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In this report

Comparing electric food steamers

Steaming is widely known as a healthy way to cook vegetables, shellfish, rice, eggs and other foods, because it preserves nutrients and doesn't require the addition of cooking oils. While food can be steamed with a pot on the stove, electric food steamers offer the convenience of a pre-set cooking time, automatic shutoff and other functions. Using a food or vegetable steamer also frees up the stovetop for other cooking tasks (assuming you have room for a countertop appliance). On the downside, cooking times can be longer; according to Which? magazine, an electric food steamer needs about 15 minutes to cook thin-sliced carrots, while you could steam the same carrots on the stovetop with a steamer basket in about half that time. Lastly, not everyone likes the taste of steamed food, which some find to be bland.

Food steamers are different than rice cookers, covered in our separate report. A food steamer consists of a base unit with a timer and and a chamber for placing water. Most of these electric vegetable steamers have two or three plastic containers that stack on top of the base. Water is heated in the lower chamber and steam rises through holes in the bottom of the containers to cook the food.

We didn't find any expert reviews of food steamers by U.S.-based publications, so we relied primarily on owner-written user reviews at online retailers. Amazon.com proved to be the most significant source for user reviews of food and veggie steamers. We also consulted numerous other retail sites as well as Viewpoints.com and Epinions.com.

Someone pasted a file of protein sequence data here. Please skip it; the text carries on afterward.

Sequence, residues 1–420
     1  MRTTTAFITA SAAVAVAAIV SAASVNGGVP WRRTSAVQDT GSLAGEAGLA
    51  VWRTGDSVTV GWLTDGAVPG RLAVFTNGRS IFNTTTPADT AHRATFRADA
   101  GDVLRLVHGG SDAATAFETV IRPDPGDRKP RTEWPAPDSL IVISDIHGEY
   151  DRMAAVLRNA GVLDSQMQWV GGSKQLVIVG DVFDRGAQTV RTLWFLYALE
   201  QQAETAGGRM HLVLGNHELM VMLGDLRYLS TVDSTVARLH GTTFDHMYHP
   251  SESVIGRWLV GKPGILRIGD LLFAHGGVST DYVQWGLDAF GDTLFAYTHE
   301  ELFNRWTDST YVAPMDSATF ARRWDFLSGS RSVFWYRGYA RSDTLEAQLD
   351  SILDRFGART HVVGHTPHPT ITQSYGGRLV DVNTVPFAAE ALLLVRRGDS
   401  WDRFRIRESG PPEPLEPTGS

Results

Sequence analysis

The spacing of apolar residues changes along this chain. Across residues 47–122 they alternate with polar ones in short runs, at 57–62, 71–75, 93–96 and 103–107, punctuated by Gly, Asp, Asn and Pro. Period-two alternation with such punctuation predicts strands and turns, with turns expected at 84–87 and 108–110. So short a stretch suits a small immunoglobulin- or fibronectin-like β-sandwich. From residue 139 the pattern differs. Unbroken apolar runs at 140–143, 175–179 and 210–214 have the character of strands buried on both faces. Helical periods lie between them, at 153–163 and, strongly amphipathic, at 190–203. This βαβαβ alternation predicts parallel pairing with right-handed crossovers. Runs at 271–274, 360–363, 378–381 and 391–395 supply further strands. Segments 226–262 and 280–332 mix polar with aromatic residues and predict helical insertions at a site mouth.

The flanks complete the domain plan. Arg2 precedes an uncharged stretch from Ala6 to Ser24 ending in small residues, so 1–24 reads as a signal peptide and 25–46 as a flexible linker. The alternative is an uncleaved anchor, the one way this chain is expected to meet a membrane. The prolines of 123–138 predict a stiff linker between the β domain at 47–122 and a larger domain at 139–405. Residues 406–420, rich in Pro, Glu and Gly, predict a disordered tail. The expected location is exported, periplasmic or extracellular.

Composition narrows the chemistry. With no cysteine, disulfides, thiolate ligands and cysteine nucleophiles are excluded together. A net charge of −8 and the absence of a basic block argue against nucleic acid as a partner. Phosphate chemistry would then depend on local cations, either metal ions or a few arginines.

While ConsumerReports.org has not tested food steamers, Which? magazine, the British equivalent of ConsumerReports.org, has reviewed them. Which? editors review a total of 15 food and vegetable steamers. Cooking performance is evaluated two ways -- using a single container and the tiered containers to cook several types of food at once. Separate ratings are given for rice cooking and ease of use. None of the recommended food steamers are available in the U.S., but this article provides useful buying information about food steamer features, advantages and drawbacks.

Australia's Choice magazine also compares 15 food steamers, many of which are the same brands tested by Which? magazine. The magazine's home economist prepares rice, fish and vegetables to evaluate the cooking performance and speed. A separate rating is given for each food steamer's use of use, storage and cleaning. Unfortunately, only one electric steamer included in the review is available in the U.S. However, like the Which? magazine review, the article provides useful buying tips.

One recurring complaint we saw in owner reviews was regarding the use of bisphenol A (BPA), a chemical used to make the clear, plastic containers. There has been much media attention about the possible health ramifications of this chemical seeping into food. According to the U.S. Food and Drug Administration (FDA), "recent studies provide reason for some concern about the potential effects of BPA on the brain, behavior, and prostate gland of fetuses, infants and children." Consequently, the FDA supports the Department of Health and Human Services recommendation to limit exposure to BPA in infants.

If you plan to use a food steamer to prepare baby food, in particular, you will want to buy one that that has BPA-free containers. Many consumer reviews erroneously assume that #7 plastic contains BPA. In reality, that number doesn't represent a plastic made with specific materials. If the manufacturer doesn't state whether or not the food containers are BPA-free, you should call the company to find out. We called Oster directly and confirmed that the food containers in both our "Best Reviewed" food steamers are BPA-free.

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